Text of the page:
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The Unholy Three

Released Aug 16, 1925 1h 9m Crime Drama Romance List
88% Tomatometer 8 Reviews 79% Audience Score 500+ Ratings A side-show ventriloquist (Lon Chaney) forms an underground trio with a strongman and a midget. Read More Read Less Watch on Prime Video Stream Now

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The Unholy Three

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Critics Reviews

View All (8) Critics Reviews
Edmund Wilson The New Republic The Unholy Three is admirably acted by Miss Mae Busch and Mr. Lon Chaney. The latter is a moving-picture actor of a unique and singular reputation. Jul 14, 2021 Full Review Mordaunt Hall New York Times After viewing this production the figures that have passed upon the screen still cling to one's mind, and one feels like talking about the strange and unusual tale. Rated: 4/5 Jun 10, 2009 Full Review Dave Kehr Chicago Reader Browning's obsession with deformity, sexual aberration, and death yielded many great moments but few wholly satisfying films -- up until his masterpiece of 1932, Freaks. Jun 10, 2009 Full Review Robert E. Sherwood LIFE A singularly fine picture. Oct 6, 2021 Full Review Film4 Staff Film4 As the dynamics of the odd trio change, the macabre observations and remarkable visuals are expertly handled, making this a much-under-rated silent. Jun 10, 2009 Full Review TV Guide It is one of Lon Chaney's best movies and biggest hits, about a trio of sideshow "freaks" who become criminals to get revenge on "normal" society. Rated: 4/5 Jun 10, 2009 Full Review Read all reviews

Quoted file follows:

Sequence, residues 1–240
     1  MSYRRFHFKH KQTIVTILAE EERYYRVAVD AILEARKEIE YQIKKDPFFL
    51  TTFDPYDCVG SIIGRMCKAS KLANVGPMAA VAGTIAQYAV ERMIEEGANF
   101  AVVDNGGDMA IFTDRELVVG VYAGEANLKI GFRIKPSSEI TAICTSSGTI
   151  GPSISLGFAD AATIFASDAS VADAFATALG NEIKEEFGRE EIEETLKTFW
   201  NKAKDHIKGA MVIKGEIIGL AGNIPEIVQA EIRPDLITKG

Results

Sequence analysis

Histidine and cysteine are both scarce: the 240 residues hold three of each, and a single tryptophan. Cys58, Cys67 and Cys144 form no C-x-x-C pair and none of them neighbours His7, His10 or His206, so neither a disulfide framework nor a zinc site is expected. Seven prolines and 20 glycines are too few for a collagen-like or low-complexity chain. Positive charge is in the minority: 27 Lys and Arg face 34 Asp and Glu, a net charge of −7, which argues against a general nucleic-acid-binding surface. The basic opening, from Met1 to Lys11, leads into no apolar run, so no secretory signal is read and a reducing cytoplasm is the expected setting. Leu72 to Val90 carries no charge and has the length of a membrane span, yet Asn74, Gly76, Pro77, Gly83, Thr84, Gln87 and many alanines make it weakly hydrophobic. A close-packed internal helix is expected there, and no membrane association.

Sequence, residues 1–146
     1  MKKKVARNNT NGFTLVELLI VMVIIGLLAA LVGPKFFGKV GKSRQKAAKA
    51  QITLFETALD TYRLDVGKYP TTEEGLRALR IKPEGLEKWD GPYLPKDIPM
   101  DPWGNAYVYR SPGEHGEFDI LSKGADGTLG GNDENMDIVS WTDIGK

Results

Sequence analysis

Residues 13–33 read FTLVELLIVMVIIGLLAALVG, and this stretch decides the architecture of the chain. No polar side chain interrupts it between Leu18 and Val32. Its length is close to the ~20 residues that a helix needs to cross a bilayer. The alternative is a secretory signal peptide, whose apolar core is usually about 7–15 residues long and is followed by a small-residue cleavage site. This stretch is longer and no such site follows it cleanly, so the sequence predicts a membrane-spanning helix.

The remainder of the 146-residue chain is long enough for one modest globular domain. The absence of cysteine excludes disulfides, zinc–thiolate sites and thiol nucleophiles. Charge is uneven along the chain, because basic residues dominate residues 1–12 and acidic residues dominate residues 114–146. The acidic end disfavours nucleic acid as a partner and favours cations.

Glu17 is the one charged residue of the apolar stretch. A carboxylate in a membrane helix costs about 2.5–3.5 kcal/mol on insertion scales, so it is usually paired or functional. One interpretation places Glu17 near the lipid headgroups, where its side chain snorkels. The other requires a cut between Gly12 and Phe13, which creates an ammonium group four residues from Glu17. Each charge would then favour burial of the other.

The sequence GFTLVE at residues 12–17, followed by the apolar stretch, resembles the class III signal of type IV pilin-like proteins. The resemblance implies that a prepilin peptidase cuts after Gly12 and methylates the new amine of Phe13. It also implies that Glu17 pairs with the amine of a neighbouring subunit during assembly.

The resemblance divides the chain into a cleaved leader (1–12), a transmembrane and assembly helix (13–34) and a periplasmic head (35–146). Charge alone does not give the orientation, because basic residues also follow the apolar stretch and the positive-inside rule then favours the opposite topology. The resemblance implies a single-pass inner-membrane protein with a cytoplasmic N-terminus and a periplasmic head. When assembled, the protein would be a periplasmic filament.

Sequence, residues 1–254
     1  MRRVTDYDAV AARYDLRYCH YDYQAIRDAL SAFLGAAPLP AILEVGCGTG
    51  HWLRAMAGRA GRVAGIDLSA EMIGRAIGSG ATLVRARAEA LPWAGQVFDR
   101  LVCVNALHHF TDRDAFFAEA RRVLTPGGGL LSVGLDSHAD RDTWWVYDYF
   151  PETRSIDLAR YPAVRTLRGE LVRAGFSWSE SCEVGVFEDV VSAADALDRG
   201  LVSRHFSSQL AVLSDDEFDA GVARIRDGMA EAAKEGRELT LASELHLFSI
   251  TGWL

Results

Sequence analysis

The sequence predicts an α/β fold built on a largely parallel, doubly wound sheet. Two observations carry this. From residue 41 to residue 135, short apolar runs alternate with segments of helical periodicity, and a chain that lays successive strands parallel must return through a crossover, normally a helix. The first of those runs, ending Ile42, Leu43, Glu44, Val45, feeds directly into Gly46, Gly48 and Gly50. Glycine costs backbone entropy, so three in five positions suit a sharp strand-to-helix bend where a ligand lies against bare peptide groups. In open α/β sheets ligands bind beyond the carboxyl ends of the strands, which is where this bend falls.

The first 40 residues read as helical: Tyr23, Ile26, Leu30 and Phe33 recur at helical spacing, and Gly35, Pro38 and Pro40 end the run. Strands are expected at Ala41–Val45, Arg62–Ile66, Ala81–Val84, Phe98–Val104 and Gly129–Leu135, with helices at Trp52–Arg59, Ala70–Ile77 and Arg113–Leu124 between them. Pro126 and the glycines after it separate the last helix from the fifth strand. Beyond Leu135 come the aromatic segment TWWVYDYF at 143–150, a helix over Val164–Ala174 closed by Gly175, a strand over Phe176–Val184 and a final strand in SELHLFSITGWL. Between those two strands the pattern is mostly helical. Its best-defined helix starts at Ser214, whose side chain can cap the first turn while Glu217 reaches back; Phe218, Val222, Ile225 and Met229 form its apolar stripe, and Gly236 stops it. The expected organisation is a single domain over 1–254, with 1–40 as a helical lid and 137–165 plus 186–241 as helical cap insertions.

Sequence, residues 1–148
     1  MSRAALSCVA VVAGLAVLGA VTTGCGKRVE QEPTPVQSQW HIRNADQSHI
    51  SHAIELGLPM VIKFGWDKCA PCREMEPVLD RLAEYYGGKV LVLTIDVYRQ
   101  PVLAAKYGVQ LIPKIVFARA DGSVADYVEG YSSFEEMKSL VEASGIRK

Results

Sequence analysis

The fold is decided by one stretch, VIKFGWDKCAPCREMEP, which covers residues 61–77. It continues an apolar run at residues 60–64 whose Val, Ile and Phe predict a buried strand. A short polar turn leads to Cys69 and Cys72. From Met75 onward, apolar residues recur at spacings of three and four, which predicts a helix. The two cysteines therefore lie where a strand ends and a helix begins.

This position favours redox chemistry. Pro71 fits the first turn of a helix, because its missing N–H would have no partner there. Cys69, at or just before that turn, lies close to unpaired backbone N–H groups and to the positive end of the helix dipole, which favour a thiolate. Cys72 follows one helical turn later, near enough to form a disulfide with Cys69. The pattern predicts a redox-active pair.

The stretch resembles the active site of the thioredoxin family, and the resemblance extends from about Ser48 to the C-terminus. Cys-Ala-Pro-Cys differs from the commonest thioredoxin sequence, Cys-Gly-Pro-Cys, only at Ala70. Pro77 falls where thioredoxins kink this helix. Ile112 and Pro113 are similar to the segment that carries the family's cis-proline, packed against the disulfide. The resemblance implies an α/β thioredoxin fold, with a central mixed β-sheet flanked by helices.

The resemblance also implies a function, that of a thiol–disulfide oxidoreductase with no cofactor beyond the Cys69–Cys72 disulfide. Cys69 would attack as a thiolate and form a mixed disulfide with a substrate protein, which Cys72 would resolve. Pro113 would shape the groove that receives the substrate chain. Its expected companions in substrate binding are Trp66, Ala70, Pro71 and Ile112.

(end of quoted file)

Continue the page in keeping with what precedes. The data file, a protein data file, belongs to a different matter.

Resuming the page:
Audience Reviews

View All (48) audience reviews